- ItemOpen AccessModels for ocean waves(1988) Button, Peter; Zucchini, WalterOcean waves represent an important design factor in many coastal engineering applications. Although extreme wave height is usually considered the single most important of these factors there are other important aspects that require consideration. These include the probability distribution of wave heights, the seasonal variation and the persistence, or duration, of calm and storm periods. If one is primarily interested in extreme wave height then it is possible to restrict one's attention to events which are sufficiently separated in time to be effectively independently (and possibly even identically) distributed. However the independence assumption is not tenable for the description of many other aspects of wave height behaviour, such as the persistence of calm periods. For this one has to take account of the serial correlation structure of observed wave heights, the seasonal behaviour of the important statistics, such as mean and standard deviation, and in fact the entire seasonal probability distribution of wave heights. In other words the observations have to be regarded as a time series.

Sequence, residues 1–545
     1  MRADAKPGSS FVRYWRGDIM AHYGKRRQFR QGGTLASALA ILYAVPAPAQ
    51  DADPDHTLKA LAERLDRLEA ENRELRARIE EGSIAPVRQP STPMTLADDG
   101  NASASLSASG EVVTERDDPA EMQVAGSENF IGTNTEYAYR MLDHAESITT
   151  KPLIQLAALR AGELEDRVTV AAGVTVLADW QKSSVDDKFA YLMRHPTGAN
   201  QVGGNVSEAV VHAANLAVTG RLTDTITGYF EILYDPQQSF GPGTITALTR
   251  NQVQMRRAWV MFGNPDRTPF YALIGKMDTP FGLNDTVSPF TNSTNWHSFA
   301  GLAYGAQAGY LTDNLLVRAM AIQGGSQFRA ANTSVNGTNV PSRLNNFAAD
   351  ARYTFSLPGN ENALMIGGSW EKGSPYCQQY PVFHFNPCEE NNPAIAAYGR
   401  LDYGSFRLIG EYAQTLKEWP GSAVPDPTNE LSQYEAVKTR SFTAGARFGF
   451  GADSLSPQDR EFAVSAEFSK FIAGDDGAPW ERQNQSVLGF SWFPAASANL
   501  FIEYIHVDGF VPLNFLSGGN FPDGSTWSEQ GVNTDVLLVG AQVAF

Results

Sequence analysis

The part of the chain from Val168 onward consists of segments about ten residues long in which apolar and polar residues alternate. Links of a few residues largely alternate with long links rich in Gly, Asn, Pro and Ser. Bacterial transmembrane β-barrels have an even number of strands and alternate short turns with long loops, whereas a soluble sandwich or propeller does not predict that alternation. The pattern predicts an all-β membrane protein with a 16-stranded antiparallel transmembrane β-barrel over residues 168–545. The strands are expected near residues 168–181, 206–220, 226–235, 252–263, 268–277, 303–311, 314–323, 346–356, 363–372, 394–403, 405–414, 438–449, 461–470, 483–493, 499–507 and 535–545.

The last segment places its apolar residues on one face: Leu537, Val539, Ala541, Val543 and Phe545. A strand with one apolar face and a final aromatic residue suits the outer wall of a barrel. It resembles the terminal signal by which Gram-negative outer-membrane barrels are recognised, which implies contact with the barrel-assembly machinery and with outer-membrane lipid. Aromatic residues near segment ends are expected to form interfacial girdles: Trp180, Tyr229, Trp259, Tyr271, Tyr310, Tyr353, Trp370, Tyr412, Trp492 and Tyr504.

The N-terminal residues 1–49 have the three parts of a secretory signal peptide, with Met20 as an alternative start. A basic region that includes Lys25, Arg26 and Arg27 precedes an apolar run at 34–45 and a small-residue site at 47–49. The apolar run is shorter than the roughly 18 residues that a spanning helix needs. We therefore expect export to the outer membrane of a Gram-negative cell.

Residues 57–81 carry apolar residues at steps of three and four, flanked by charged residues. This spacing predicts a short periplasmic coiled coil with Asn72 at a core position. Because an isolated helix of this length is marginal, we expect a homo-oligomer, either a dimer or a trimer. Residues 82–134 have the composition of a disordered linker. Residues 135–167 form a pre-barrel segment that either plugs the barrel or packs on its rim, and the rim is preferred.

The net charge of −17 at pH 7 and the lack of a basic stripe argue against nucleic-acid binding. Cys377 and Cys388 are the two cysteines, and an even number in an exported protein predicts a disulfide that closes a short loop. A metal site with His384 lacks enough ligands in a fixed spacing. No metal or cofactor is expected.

- ItemOpen AccessOrthogonal models for cross-classified observations(1987) Bust, Reg; Zucchini, WalterThis thesis describes methods of constructing models for cross-classified categorical data. In particular we discuss the construction of a class of approximating models and the selection of the most suitable model in the class. Examples of application are used to illustrate the methodology. The main purpose of the thesis is to demonstrate that it is both possible and advantageous to construct models which are specifically designed for the particular application under investigation. We believe that the methods described here allow the statistician to make good use of any expert knowledge which the client (typically a non-statistician) might possess on the subject to which the data relate.